1. I lost my voice. I was in the middle of a sentence and it just stopped working. No pain or anything. Just there was noise and then there wasn’t. It’s back now but it’s all weirdly squeaky. Again, no pain or anything. Just not quite right.
2. You remember my complains about the hypnotism book? Ugh. I had to stop reading it because he took a moment to address all the things I wanted him to address–He believes Mesmer was celibate and shockingly naive about the women orgasming, for instance–but then he posits that we can tell what kind of psychological issues Mesmer had by the shape of his body.
I repeat: A man who believes that one of Mesmer’s failings is that, toward the end of his life, he began to believe in paranormal phenomena, also believes we can derive insight into Mesmer’s personality through the exacting science of looking at his body shape. No, not even his body shape but the body shape artists gave him when they drew or painted him. But Mesmer’s the silly one?
Plus, it’s supposed to be a history of hypnotism, but actually it’s only a history of hypnotism in Europe.
3. Now I’m trying to read Bobby Lovett’s The African-American History of Nashville, Tennessee, 1780-1930. There’s some great stuff in there. He says that our friend, Jack Macon, was never freed, that he was working in Nashville and sending buttloads of money back to Maury County. The sentence is footnoted, but the footnote seems to be the wrong source. So, I’m not sure how he knows that. But it seems to me that it might be right.
I’m more disturbed (not at him, just in general) by his claims that Nickajack Cave (and thus the dam and lake) was originally Nigger Jack Cave. Wikipedia doesn’t really clarify. I mean I don’t know how you get from “Ani-Kusati-yi” to “Nickajack.” Help, someone.
He also claims that Sherrod Bryant’s slaves were his extended family and that there were, in fact, many black people in Nashville and the surrounding area who owned slaves, because they owned their family members (apparently, depending on the decade, it could be more or less easy to get everyone freed, so just living together owned by the one free member of the family was the best of a bad situation).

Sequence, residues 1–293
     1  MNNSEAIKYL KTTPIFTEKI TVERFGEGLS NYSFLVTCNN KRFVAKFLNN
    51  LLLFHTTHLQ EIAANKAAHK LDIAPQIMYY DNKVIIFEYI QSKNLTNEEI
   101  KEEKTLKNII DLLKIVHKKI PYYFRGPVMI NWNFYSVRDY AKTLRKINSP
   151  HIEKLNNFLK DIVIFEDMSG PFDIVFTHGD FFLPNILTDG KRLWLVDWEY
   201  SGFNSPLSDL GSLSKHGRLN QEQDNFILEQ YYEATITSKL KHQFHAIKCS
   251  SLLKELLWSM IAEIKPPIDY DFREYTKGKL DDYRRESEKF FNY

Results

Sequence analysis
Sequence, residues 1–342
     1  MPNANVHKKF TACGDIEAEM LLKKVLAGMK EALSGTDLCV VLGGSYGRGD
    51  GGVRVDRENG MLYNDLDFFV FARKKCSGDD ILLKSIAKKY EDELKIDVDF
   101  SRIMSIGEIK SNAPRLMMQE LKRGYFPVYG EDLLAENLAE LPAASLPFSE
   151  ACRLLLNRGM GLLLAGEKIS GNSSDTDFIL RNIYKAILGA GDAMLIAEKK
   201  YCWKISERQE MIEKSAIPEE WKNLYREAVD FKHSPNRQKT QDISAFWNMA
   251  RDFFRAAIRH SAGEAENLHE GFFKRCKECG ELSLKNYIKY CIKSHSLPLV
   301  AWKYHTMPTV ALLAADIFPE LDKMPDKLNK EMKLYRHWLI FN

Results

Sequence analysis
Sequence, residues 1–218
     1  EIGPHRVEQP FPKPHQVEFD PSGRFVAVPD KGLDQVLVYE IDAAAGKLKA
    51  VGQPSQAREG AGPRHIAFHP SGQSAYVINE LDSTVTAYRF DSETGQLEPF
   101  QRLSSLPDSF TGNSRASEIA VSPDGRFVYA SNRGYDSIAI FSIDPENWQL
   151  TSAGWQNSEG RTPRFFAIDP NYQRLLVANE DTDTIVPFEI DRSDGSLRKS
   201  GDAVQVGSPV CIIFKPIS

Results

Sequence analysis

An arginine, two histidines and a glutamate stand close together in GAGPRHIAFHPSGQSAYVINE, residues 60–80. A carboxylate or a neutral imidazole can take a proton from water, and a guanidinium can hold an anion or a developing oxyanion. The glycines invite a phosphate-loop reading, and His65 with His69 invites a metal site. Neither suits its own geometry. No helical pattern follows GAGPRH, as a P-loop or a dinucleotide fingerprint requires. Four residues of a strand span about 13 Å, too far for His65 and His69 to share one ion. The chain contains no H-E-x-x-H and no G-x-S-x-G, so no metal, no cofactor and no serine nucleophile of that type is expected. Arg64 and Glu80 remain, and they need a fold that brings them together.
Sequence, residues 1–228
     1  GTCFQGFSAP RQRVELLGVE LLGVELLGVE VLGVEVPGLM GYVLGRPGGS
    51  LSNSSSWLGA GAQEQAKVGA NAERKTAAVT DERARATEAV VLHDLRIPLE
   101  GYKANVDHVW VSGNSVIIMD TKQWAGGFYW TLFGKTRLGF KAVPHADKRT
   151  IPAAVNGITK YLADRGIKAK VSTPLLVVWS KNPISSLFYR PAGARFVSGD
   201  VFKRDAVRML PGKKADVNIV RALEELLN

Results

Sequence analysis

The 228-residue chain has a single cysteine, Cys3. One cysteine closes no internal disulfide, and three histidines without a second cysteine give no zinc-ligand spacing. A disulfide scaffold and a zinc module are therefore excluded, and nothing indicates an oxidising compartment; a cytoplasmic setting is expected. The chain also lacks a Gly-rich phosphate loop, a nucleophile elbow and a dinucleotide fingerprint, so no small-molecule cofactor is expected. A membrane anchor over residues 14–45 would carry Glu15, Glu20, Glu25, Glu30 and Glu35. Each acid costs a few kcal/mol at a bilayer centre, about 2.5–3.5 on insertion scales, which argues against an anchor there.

This article says that Bryant owned 21 slaves in 1850. He also had a huge family. Holy cow. Anyway, the slave census is thus:
All Slaves Owned:
His family in 1850 is thus:
|Laura F Bryant||7|
|Mary A Bryant||5|
|Geo M Bryant||0|
|Milia A Bryant||18|
Now if one were me, one might indeed look at the ages of those folks and just how many children Bryant held as slaves and start to wonder if we’re not looking at a couple of his brothers, their wives, and children.
Here’s how Lovett claims Bryant came to be free. He’d been an indentured servant to a white woman in Virginia, earned his freedom, had a kid with her, came to Nashville, and had a huge family with a different woman and owned a bunch of people. In Nashville. According to Lovett, the white woman and her kid move to Murfreesboro and it’s Henderson Bryant, the son of Sherrod and this white woman, who founds Bryant’s Grove.
This is obviously much different than Fagan’s story, which reads–
Such was the case with Bryant, who was born into slavery in Granville County, N.C., in 1781 where his master actually provided him schooling within the household.
He relocated to the Tennessee frontier near the settlement of Old Jefferson on the Stones River and immediately began buying land, a guaranteed mark of wealth and power at that time.
The 1850 U.S. Census shows Bryant owning $15,000 worth of real estate and an additional $10,900 of property including slaves, farm implements and livestock.
He came to operate two large farming operations, one in present-day Donelson in Davidson County and another in northern Rutherford County, which was later deeded to his four sons.
Bryant owned 21 male and female slaves ranging from infancy to 44 years old by the time the U.S. Slave Census enumerator came knocking on Sept. 26, 1850.
So, either Bryant’s Grove was founded by this mysterious Henderson Bryant (who I did find in Mufreesboro in the 1860 census) or it was the Murfreesboro farm of Sherrod.
The Butcher and I were talking about this, though, because Sherrod is often held up as the “See! Black people owned slaves, too!!!!” example. But the moral room between “I can sell my children and my brothers and sisters and I do because I own them” (a position held by white slave owners about their non-white relatives) and “I own my brothers and sisters and their children so that no one can sell them” is huge.
So, I’d love to know Lovett’s source for the claim that those were Sherrod’s family members. I’d love to even know how to judge whether that was true.